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The awful irony of Washington’s NFL team hosting its first Thanksgiving game

A Native American protest at FedEx Field acknowledges the existence of a marginalized people

Sometimes you have to spell it out to understand the awful irony:

On a day most of us associate with family, food and football, this year Washington is hosting a Thanksgiving NFL game for the first time. Native Americans are integral to the holiday’s origins. The team’s name disparages Native Americans.

Simon Moya-Smith plans to witness it firsthand. He has organized a group of Native American protesters for a rally at FedEx Field scheduled to start when the tailgate lots open at noon Thursday.

“A lot of us really don’t celebrate it in the American way,” Moya-Smith, a 34-year-old journalist/advocate of Oglala Lakota tribal lineage, says of the holiday. “It becomes a celebration of our spirituality, our people’s survival.

“Thanksgiving for many of us is like an ice cliff. After all these years, we get to the top of it and we’re freezing, tired and completely out of it. But there’s this moment when we look at each other and realize, ‘Holy s—, we made it. We are still in existence.’ ”

This is an illustration of what happens when people “stick to sports.” We become tone-deaf and unmoved by the suffering of others. It also shows why groups must bond together to effect change — or change isn’t coming.

It was heartening Tuesday to see the NAACP and the National Urban League join the National Congress of American Indians, the nation’s largest tribal governing body, calling on broadcasters to refrain from using the team’s name on Thanksgiving.

It’s not just that black-led civil rights organizations support the NCAI’s request, or that they oppose the name on its merits; they do. It’s bigger than that. They understand there is a mentality in the NFL and among many in the larger public that allows a people to be marginalized for this long. It’s the same mentality that accommodates other racial injustices.

“Thanksgiving for many of us is like an ice cliff. After all these years, we get to the top of it and we’re freezing, tired and completely out of it. But … we are still in existence.”

Many people in and out of the NFL have appointed themselves the arbiters of what is permissible protest, be it deciding that players kneeling during the anthem are ingrates or that Native Americans and their allies who object to the team’s name are emotionally soft folk who need to get over it.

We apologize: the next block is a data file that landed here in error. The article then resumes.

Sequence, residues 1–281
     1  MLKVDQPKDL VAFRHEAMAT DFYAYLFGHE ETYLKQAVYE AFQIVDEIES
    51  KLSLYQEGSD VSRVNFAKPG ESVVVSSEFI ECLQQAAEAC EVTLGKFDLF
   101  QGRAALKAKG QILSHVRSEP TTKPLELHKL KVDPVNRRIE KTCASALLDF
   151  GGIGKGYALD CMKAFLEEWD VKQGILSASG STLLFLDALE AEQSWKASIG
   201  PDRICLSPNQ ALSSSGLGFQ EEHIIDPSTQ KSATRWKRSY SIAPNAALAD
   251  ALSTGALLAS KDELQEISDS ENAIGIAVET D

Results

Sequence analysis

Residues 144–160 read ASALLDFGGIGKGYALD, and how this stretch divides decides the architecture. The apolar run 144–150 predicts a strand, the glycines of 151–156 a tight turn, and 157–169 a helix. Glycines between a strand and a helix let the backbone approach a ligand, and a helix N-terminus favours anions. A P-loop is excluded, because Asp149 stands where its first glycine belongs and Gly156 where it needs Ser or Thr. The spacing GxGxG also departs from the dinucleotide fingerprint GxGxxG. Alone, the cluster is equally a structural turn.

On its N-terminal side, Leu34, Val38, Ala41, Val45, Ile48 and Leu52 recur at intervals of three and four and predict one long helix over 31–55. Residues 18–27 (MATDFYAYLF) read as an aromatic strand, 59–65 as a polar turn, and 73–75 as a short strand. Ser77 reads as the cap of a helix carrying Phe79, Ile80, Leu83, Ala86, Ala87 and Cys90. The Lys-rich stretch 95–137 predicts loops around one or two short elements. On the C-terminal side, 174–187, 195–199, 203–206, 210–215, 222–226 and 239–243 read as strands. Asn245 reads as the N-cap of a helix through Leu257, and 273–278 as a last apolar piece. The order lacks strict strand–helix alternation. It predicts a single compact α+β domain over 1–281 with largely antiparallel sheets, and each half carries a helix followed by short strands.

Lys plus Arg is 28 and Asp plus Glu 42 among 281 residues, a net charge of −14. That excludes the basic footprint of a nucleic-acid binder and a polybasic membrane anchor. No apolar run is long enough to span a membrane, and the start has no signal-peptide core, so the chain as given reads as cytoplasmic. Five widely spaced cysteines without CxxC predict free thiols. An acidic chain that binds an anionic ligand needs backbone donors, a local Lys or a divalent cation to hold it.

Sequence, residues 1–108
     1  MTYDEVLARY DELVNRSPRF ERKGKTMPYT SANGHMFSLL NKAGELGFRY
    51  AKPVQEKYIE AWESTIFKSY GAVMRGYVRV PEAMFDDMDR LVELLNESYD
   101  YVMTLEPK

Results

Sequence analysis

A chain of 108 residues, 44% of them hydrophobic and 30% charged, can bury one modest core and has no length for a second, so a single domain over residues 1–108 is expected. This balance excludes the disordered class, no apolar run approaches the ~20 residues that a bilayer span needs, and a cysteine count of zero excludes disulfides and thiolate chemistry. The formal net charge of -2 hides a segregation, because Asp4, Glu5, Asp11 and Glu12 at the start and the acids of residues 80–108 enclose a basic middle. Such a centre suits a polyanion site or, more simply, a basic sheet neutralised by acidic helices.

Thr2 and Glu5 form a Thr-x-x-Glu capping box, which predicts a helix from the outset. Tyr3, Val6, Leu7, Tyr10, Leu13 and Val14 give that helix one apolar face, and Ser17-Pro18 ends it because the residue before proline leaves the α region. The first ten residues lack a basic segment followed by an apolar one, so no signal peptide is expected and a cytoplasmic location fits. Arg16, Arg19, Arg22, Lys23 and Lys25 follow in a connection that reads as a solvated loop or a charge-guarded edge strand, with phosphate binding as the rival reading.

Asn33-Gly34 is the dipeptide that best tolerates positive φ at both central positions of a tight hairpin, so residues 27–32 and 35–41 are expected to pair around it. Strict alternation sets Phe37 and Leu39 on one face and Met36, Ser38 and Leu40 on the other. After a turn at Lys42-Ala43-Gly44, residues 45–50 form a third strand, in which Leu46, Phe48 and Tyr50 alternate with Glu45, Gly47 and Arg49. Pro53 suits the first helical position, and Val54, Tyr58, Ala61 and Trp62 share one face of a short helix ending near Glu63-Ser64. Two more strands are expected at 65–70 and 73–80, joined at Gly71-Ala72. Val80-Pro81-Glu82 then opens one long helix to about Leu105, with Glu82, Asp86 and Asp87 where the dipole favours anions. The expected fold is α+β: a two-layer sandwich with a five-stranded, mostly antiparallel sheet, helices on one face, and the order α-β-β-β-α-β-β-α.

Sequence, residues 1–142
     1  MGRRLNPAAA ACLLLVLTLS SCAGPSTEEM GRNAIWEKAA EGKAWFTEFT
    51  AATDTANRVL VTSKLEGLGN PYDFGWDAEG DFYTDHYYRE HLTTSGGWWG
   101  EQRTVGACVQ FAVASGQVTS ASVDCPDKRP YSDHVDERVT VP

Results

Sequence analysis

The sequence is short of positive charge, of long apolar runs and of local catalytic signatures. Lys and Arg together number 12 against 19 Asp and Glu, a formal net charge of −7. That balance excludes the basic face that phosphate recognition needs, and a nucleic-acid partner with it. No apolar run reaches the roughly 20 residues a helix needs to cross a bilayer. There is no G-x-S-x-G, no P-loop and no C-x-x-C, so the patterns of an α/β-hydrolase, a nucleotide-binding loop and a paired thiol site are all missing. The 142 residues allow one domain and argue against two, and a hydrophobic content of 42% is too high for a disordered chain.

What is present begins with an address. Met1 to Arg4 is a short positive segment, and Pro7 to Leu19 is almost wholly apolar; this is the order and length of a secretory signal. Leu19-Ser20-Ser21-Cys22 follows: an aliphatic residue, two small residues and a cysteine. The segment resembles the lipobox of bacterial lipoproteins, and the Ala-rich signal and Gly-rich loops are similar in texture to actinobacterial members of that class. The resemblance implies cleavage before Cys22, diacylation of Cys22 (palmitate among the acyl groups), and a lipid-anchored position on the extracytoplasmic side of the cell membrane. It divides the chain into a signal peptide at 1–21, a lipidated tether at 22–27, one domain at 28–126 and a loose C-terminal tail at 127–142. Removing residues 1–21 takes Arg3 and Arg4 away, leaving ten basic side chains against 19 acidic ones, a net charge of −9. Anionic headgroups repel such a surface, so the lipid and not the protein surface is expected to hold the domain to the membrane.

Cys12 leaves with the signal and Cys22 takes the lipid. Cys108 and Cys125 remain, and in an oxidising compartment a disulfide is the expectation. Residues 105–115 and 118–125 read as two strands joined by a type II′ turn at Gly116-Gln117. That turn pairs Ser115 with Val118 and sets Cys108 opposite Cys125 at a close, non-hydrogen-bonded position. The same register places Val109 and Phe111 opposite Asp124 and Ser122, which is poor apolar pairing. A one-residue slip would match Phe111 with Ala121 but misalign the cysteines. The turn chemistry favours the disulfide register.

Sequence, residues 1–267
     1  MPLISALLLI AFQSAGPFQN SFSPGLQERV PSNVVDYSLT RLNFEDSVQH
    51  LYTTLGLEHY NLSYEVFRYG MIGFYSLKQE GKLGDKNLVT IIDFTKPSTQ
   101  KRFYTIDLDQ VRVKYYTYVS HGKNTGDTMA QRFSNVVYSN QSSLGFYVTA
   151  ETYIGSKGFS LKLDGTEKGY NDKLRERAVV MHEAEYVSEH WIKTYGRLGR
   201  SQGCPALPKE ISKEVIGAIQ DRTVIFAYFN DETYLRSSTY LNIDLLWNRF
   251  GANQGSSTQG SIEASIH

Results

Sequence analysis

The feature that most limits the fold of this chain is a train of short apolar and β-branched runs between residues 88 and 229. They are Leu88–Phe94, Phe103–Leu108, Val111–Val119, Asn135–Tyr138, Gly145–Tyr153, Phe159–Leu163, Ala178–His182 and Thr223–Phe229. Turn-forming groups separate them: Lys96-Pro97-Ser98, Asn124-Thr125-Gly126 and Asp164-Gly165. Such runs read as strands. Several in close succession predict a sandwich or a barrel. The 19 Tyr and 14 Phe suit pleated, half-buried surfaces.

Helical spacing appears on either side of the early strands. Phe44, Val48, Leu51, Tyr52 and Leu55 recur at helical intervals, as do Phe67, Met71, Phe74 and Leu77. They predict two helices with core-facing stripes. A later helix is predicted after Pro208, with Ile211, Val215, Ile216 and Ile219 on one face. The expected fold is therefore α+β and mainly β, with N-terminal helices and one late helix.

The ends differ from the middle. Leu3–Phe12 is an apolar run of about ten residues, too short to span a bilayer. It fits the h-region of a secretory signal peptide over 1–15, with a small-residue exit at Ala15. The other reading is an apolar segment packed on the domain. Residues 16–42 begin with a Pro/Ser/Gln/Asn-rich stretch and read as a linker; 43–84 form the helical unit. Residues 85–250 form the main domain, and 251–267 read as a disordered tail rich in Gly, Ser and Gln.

Moya-Smith understands that the only way to fight back is to see the commonality in each other’s struggles. Yes, he’s protesting the team’s name Thursday. But he’s also protesting police brutality against people of color, including Native Americans. He has recent receipts, courtesy of the U.S. Centers for Disease Control and Prevention’s newest study on Native Americans and police brutality.

“We need to understand the systemic racism in both the African-African community and the Native American community,” he said when we spoke Wednesday. “Unfortunately, the American narrative has excluded Native peoples in this discussion on police brutality. I’m trying to let people know.”

When society misappropriates someone’s culture and religious practices, it’s incumbent that people of good conscience, especially those who defend the players’ right to protest, to understand how their issues are intertwined. If you are of the mind that this doesn’t matter but your own cause does, that Washington co-opting a living people’s image in 2017 isn’t a big deal, you’re just fighting for your own community, not against racism at large.

From Cesar Chavez to Martin Luther King Jr., every great social justice movement leader has understood the need to build coalitions and, once those coalitions grow in influence, to go after systemic racism. They understood it’s not enough to have your group’s issues addressed. If we don’t get to the motivation behind these injustices, victories will be short-lived.

“We live in a nation where everyone from childhood on is conditioned not to see the racism and discrimination of Native peoples,” Moya-Smith said. “It’s why we still have people dressing up as us for Halloween, why teams are still allowed to have us as mascots. And it’s not that all of them are bad people. Like, I don’t think a football player kneeling that supports Washington’s name is a bad person. I just think he doesn’t know. And I’m trying to teach him it is wrong.”

Washington playing this day isn’t merely a historical coincidence or an NFL scheduling snafu. It’s tin-eared and as cold as an ice cliff.

Mike Wise is a senior writer and columnist at The Undefeated. Barack Obama once got to meet him.